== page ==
We have our own system, ... and journalists in our system are not put in prison for embarrassing the government by revealing things the government might not wish to have revealed. The important thing is that our system, under which journalists can write without fear or favor, should continue.
Probably the only place where a man can feel really secure is in a maximum security prison, except for the imminent threat of release.
Those magistrates who can prevent crime, and do not, in effect encourage it.
Wicked deeds are generally done, even with impunity, for the mere desire of occupation.
Before we can diminish our sufferings from the ill-controlled aggressive assaults of fellow citizens, we must renounce the philosophy of punishment, the obsolete, vengeful penal attitude. In its place we would seek a comprehensive, constructive social attitude - therapeutic in some instances, restraining in some instances, but preventive in its total social impact. In the last analysis this becomes a question of personal morals and values. No matter how glorified or how piously disguised, vengeance as a human motive must be personally repudiated by each and every one of us.
The common argument that crime is caused by poverty is a kind of slander on the poor.
We who live in prison, and in whose lives there is no event but sorrow, have to measure time by throbs of pain, and the record of bitter moments.
I just remember that disturbing feeling of walking into that prison, the complete loss of privacy, the complete loss of stimulation, dignity.
Any punishment that does not correct, that can merely rouse rebellion in whoever has to endure it, is a piece of gratuitous infamy which makes those who impose it more guilty in the eyes of humanity, good sense and reason, nay a hundred times more guilty than the victim on whom the punishment is inflicted.
He had drawn many a thousand of these rations in prisons and camps, and though he'd never had an opportunity to weight them on scales, and although, being a man of timid nature, he knew no way of standing up for his rights, he, like every other prisoner, had discovered long ago that honest weight was never to be found in the bread-cutting. There was short weight in every ration. The only point was how short. So every day you took a look to soothe your soul - today, maybe, they haven't snitched any.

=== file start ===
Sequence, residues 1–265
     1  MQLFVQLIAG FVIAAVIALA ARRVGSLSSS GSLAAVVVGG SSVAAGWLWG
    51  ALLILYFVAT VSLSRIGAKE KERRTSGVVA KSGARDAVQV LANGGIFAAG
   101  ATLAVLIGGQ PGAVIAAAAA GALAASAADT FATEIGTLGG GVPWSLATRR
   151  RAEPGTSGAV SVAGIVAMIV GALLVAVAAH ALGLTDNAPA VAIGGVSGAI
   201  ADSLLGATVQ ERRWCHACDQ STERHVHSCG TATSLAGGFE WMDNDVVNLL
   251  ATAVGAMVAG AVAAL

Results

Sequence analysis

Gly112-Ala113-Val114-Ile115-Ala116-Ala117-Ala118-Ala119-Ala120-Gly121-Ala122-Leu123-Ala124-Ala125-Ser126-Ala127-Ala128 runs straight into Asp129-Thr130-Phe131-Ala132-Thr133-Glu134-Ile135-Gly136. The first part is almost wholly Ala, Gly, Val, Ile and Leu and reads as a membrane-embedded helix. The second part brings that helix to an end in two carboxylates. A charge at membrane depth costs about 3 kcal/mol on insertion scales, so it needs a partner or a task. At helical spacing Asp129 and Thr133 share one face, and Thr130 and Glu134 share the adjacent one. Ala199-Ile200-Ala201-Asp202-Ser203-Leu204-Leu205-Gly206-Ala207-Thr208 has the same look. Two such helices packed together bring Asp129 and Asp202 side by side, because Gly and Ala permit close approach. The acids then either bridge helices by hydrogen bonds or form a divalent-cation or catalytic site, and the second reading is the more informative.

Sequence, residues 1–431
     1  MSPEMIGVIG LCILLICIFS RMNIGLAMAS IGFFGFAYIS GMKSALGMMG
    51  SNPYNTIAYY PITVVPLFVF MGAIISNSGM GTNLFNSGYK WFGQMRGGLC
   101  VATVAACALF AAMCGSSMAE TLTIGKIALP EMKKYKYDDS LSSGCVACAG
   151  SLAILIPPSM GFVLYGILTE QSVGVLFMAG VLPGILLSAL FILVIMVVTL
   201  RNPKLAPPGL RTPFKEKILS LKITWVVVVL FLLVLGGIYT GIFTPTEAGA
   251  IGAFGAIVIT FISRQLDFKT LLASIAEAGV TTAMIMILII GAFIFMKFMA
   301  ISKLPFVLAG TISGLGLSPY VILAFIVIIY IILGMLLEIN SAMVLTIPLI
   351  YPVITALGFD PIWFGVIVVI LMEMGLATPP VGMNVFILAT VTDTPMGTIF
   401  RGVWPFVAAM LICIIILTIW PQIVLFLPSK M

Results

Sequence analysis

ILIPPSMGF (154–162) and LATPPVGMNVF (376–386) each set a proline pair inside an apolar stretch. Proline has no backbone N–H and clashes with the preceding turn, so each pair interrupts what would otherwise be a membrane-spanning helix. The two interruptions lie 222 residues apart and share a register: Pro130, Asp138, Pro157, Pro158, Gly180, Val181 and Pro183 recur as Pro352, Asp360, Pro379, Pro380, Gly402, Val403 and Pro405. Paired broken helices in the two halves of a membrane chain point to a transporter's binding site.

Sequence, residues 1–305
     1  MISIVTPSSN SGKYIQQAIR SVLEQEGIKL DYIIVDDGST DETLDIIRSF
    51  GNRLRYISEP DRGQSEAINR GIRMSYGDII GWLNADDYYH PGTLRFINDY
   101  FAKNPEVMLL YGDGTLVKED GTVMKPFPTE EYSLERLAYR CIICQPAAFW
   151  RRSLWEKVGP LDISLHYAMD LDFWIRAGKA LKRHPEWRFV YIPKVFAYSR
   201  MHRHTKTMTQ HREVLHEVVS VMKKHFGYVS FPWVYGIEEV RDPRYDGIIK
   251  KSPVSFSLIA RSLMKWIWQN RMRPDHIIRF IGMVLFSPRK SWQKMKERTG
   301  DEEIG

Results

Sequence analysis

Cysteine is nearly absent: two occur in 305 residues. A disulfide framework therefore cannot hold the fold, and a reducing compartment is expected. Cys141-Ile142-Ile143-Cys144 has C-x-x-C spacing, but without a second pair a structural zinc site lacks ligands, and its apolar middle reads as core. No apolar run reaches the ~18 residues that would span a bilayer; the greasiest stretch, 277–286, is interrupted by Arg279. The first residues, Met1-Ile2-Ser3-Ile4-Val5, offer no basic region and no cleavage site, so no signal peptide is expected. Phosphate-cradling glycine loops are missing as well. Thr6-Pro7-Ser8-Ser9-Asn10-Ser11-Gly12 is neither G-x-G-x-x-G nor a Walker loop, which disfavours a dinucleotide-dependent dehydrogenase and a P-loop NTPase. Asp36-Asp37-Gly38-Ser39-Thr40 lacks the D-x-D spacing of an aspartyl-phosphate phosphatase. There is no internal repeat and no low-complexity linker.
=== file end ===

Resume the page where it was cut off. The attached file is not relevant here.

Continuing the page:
What restrains us from killing is partly fear of punishment, partly moral scruple, and partly what may be described as a sense of humor.
The worst prison is not of stone. It is of a throbbing heart, outraged by an infamous life.
It isn't true that convicts live like animals: animals have more room to move around.
It is more dangerous that even a guilty person should be punished without the forms of law than that he should escape.
When the Nazis came for the communists, I remained silent; I was not a communist. When they locked up the social democrats, I remained silent; I was not a social democrat. When they came for the trade unionists, I did not speak out; I was not a trade unionist. When they came for me, there was no one left to speak out.
I don't like being famous - it is like a prison. And driving for Ferrari would make it far worse.
Since 1957, black people have experienced double-digit unemployment - in good times and bad times. Look at the population of African Americans in prison. They represent more than half the population of prisoners in the country, 55 percent of those on death row.
We have initiated programs for re-entry offenders, since some 500,000 to 600,000 offenders will come out of prison each year for the next three or four years. We want to have positive alternatives when they come back to the community.
I never told a victim story about my imprisonment. Instead, I told a transformation story - about how prison changed my outlook, about how I saw that communication, truth, and trust are at the heart of power.